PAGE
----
In this episode, David interviews drug developer, clinical psychiatrist, and Chief Medical Officer at HMNC Brain Health; Dr. Hans Eriksson.
Eriksson discusses the complexity of the human brain and his fascination with the ability for simple biological interventions to affect really profound disorders – that while psychotherapy and community can have a major effect, sometimes a simple chemical can fix everything. HMNC Brain Health is currently in Phase 2 trials for Ketabon, a ketamine-esque prolonged-release oral capsule which early studies show does not include any dissociation – something a lot of people do not want. And, as a lot of current medicine is guess work, they have also created a blood test (and are working on other predictive diagnostic tests) to identify specific common markers to show who will most likely respond to specific interventions. This work is firmly rooted in the idea of precision psychiatry, with the theory that there will be far fewer patients with treatment-resistant depression if their physicians are able to see which treatments will actually work for them ahead of time.
He fully explains the stress response system and Vasopressin system, discussing the likely links between stress response dysfunction and depression; and goes into much more: his thoughts on Compass Pathways’ phase 2 data; the famous Escitalopram vs. psilocybin study; how much of progress can be attributed to psychotherapy vs. the compound itself; why it makes sense to study a new compound on top of SSRIs rather than on its own; AI and machine learning; and how science is truly beginning to come to terms with the fact that all systems in the body are connected.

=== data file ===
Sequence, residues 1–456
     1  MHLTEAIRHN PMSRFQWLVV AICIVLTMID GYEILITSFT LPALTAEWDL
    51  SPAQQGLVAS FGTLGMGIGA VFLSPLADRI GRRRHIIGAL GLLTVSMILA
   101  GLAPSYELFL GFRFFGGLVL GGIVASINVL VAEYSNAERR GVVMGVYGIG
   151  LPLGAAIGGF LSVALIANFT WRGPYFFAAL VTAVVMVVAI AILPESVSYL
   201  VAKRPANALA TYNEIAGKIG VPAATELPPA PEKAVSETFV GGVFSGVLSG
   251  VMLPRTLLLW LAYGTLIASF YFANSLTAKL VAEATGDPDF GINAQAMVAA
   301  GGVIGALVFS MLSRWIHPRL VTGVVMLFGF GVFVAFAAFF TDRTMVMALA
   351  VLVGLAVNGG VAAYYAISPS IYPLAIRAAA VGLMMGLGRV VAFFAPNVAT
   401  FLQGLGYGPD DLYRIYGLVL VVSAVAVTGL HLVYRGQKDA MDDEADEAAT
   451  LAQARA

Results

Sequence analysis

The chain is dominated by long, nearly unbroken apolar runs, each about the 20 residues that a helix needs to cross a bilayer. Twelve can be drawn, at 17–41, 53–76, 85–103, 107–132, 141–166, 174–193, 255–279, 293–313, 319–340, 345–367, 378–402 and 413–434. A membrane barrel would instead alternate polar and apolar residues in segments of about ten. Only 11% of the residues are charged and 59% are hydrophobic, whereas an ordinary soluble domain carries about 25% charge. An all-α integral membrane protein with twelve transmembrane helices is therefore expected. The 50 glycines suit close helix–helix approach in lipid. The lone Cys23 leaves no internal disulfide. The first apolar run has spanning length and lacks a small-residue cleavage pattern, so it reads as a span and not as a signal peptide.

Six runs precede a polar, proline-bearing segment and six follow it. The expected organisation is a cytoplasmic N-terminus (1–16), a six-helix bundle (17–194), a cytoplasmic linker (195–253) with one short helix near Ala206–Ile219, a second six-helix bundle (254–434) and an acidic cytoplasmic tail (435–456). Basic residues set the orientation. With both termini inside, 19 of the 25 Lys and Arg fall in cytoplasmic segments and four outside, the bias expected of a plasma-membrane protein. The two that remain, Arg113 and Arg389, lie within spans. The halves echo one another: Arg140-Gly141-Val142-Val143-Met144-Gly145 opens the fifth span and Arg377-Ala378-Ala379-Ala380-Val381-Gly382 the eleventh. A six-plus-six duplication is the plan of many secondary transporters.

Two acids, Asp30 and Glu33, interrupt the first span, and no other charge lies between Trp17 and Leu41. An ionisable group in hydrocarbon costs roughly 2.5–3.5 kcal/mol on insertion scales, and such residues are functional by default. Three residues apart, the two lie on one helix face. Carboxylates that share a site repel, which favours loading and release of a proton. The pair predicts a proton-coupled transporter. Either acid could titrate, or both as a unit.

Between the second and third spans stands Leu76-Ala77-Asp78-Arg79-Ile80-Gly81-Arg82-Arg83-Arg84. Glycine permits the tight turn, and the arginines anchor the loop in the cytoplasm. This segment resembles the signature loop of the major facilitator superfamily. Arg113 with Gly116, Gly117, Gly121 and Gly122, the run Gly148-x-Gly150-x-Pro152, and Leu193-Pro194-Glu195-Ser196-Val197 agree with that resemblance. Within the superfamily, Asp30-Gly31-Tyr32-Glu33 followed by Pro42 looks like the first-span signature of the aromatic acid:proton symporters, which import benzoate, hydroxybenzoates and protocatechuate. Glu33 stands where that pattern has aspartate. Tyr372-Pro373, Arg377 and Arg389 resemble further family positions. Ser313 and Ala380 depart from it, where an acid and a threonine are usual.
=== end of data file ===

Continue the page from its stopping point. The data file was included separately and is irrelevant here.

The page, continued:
“I was really fascinated by the understanding that on one level, this extremely complex system of the human brain (probably the most complex system in the known universe) can find some of the explanations regarding its functioning in chemicals [and] in compounds of different sorts interacting with targets, receptors, transporters, etc.; and that this can have a profound effect on how we feel and think. And this link between, on one hand, basic biology, and on the other hand, this complex emotional world that is being a human, is so fascinating.”
“If someone comes into the hospital after a car accident and needs a blood transfusion, no one would ever think the thought that: ‘We take any blood we have in storage.’ They would check what blood [type] you have. …But still, in psychiatry, when someone comes in with a severe depression, we hand out an SSRI typically as the first-line treatment. But think: if you could have a tool that could say, ‘Okay, but you belong to the 30% that has a very good likelihood of responding very well to a medicine that corrects your stress response system,’ that could lead to [a] much shorter path from the interaction with the healthcare [provider] to actually overcoming the depression.”
“One area that I expect to be developing quite a lot in [the] coming years is to understand how the brain is affected by things that are ongoing in other parts of our bodies; for instance, things such as peripheral inflammation: Does that affect the brain? The composition of the gut microbiome in our guts: What effect does that have on the brain? I think we are probably moving into an era where we see the brain not only as an isolated world swimming around in the cerebrospinal fluid protected by the blood-brain barrier, but actually as more of a dynamic part in our bodies.”